Unpacking this, three reasons appear for a decline in a London cooperage’s fortunes:

– brewers sent over less beer to France and Belgium, as millions of British troops returned home after Armistice

– domestic beer consumption fell since the war

– American beer staves, which had replaced traditional Baltic sources (Crown Memel oak) during the war, were now surplus with return to market of Memel wood

American oak was disliked by most British brewers due to imparting a vanillin flavour to beer, as I have discussed in numerous posts here. Memel wood had a much milder effect on the beer and was liked for other reasons, mainly ease of working and its straight, almost knot-free character.

The long-term decline in per capita UK beer consumption has been well-documented. See e.g. the graph in this collection of sources, in Parliament Publications.

The British still had troops on the Continent, indeed until 1930 via the Rhineland Army of Occupation. This complement by my studies never exceeded 10,000, a couple of brigades.

Thirsty as they undoubtedly were, there is reason to think the need was supplied by German brewers in this period – apart the fact that 10,000 is not a great number compared to about 3,000,000 troops under British flag in Europe by end of the war.

A series of photos at Imperial War Museum, London shows objects connected to German brewing for British troops, using (it seems) British malt. UK malt was probably sent due to privation and food shortages in Germany after the war.

 

THE BRITISH ARMY OF THE RHINE, 1919-1929 (Q 7595) The British Army of the Rhine have a special brew of beer for which a German brewery is supplied with malt. A German brewer explaining the use of the gas engine to British soldiers. The officer of the 10th Battalion, Argyll and Sutherland Highlanders on the left was the Brewery Officer. Near Cologne, 7 May 1919. Copyright: © IWM. Original Source: http://www.iwm.org.uk/collections/item/object/205239411

 

As a result British brewers had little benefit from the postwar troop complement, which meant their cask needs did not grow on that account.

Hops are not mentioned in the IWM items, so likely British malt was flavoured with German hops, as sometimes occurred in British brewing.

Interestingly, the photos pertain to Cologne, which had and still does a tradition of top-fermentation, as Britain ancestrally. Cologne is a fairly warm city, perhaps one reason top-fermentation hung on although its brewing adapted (as well-known) partly to resemble lager, produced by chilled bottom fermentation.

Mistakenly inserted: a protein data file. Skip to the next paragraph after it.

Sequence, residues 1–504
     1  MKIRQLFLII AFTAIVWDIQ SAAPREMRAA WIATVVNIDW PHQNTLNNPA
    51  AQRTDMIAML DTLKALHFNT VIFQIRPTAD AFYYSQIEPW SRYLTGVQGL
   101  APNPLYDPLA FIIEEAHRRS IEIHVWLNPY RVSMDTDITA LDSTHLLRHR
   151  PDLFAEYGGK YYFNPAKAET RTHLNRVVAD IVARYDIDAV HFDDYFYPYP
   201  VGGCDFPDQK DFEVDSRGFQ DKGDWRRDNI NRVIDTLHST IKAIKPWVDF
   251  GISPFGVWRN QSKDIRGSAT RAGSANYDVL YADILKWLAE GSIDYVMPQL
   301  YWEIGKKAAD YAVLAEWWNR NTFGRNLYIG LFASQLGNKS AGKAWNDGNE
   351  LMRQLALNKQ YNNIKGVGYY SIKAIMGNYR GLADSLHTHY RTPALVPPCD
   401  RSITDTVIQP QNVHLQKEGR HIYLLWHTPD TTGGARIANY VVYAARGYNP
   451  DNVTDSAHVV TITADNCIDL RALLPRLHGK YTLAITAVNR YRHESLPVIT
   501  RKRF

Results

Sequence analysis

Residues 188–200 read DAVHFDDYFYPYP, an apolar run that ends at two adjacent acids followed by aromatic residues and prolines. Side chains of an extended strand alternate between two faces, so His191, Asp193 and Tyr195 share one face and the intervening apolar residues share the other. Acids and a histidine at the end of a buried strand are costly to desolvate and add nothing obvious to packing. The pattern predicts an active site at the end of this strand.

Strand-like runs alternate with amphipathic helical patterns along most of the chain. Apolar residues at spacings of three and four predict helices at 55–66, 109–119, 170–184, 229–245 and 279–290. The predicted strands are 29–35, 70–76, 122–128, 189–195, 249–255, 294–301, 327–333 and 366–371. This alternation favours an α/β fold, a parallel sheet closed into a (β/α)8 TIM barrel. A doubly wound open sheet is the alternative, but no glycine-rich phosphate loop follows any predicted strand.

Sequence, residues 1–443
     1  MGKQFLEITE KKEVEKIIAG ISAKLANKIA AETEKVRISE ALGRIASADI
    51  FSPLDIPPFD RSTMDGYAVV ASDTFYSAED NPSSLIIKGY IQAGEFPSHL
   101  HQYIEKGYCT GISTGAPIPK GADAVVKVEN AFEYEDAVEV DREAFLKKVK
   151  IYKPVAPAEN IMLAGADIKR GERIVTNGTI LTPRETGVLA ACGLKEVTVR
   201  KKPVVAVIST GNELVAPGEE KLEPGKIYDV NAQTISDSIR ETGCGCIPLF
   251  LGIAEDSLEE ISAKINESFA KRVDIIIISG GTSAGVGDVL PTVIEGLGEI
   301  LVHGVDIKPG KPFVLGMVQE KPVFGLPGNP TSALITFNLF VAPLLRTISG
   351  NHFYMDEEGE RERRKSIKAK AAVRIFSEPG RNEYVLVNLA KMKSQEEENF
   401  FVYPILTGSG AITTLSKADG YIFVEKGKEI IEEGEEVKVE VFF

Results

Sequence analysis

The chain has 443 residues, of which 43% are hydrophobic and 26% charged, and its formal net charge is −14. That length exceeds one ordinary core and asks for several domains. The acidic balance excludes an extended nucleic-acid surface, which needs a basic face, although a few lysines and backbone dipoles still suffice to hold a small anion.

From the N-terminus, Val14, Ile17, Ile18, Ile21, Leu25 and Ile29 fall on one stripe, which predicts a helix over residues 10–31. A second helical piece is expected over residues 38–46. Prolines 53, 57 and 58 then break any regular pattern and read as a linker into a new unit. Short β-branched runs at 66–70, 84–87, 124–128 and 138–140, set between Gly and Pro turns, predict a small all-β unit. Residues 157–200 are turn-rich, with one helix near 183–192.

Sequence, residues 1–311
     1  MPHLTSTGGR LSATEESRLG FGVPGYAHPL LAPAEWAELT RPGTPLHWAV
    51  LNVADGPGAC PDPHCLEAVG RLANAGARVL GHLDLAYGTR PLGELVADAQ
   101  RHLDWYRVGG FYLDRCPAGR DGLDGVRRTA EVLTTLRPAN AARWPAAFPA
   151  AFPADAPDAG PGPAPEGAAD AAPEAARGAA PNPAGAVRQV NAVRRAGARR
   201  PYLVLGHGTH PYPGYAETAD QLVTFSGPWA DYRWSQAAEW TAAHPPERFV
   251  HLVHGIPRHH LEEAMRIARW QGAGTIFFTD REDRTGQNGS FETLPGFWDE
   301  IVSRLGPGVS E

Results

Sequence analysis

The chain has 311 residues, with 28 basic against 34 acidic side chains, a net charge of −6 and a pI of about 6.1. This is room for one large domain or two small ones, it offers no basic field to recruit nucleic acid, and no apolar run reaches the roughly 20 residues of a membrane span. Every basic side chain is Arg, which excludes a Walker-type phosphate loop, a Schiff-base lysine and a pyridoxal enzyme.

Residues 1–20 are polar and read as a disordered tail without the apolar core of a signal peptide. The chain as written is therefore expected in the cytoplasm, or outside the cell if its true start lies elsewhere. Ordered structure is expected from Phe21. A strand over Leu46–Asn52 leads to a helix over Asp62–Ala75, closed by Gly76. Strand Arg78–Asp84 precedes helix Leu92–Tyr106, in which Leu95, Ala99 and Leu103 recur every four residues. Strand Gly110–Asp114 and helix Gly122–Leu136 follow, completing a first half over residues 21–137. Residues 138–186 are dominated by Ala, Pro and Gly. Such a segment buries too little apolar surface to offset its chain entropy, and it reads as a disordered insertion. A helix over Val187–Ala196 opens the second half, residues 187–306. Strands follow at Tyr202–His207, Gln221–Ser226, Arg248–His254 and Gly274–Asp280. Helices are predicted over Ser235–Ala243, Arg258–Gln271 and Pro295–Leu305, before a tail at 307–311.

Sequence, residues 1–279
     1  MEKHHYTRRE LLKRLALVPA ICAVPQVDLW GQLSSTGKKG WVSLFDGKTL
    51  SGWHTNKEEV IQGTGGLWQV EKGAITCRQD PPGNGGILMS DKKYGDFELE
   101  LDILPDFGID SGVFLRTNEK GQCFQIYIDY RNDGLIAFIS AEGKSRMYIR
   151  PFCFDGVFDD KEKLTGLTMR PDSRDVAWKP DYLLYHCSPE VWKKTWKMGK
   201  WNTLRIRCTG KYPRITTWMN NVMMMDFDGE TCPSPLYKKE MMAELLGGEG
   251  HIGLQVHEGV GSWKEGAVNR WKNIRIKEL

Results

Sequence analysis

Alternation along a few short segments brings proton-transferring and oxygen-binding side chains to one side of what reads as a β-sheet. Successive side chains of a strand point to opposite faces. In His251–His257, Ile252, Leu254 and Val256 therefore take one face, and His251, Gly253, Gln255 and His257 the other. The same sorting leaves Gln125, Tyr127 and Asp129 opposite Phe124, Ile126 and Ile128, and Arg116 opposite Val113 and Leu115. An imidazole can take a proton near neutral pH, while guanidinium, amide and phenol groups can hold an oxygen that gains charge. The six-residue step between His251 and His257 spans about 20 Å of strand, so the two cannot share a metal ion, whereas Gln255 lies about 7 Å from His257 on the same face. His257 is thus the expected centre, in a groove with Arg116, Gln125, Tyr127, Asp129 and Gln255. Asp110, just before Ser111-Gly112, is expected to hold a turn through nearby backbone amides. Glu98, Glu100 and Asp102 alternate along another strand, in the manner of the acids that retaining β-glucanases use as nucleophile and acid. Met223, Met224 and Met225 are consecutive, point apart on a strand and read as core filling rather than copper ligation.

At the same time, Cologne is in the Rhineland-Ruhr, so its selection as a jumping point for UK army brewing might have been coincidental.

I cannot recall any further information on this transpontine brewing by John Bull. It sounds, if you will, two sandwiches short of a picnic. Note the gas pressure to pull the beer, not typical for British beer dispense then.

Yet, and to mix metaphors further, any port in a storm – sort of the history of beer in a tea pot. (He is on a roll).

Regarding Dunbar Cooperage, our searches show this enterprise established initially in Eastcheap, London per the Timber Trades Journal and Saw-mill Advertiser. It moved to Millwall Docks before the war.

An English website, Isle of Dogs: Past Life, Past Lives, notes that the cooperage was founded by a Canadian, Alexander Dunbar, a barrister, in fact, who hailed from Guelph, Ontario.

Further information is provided by Stephen Porter’s 1994 study Poplar, Blackwall, and Isle of Dogs: The Parish of All Saints.

Alexander had a particular interest in cooperage, having taken out patents for its machinery in numerous countries. Here is an example for the United States, from its Official Gazette for the Patent Office.

Guelph is in Wellington County, Ontario. A GenWeb site devoted to the County, drawing on a pre-1914 sketch of County pioneers, mentions this Dunbar, stating he is now resident in London, so this is clearly our man.

Alexander’s North American origins incline one to think he may have favoured quercus alba, the North American white oak type, as a suitable wood for British beer casks.

His Canadian connections surely helped to make contacts among timber suppliers here. At the time, Quebec was a noted supplier of wood to Britain for many industries, but his North American background probably favoured locating quercus alba in general for anticipated UK brewing needs.